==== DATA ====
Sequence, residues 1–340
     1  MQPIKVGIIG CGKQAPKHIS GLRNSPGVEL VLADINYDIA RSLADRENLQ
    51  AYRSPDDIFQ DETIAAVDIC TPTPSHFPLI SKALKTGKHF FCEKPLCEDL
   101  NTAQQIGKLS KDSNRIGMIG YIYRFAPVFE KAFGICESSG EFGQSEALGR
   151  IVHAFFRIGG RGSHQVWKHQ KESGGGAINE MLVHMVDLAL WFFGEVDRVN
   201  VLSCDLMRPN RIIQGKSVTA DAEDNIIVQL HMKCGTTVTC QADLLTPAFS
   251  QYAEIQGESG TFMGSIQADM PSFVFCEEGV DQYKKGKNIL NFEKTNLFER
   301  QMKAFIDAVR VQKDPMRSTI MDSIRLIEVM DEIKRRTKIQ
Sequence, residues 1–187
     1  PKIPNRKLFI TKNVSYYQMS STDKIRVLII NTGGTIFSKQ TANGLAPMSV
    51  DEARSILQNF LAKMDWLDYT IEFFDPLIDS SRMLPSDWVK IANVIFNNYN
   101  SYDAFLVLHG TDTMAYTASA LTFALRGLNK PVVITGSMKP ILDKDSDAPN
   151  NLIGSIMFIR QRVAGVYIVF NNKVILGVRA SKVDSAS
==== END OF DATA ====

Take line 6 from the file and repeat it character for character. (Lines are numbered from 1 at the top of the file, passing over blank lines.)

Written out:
   201  VLSCDLMRPN RIIQGKSVTA DAEDNIIVQL HMKCGTTVTC QADLLTPAFS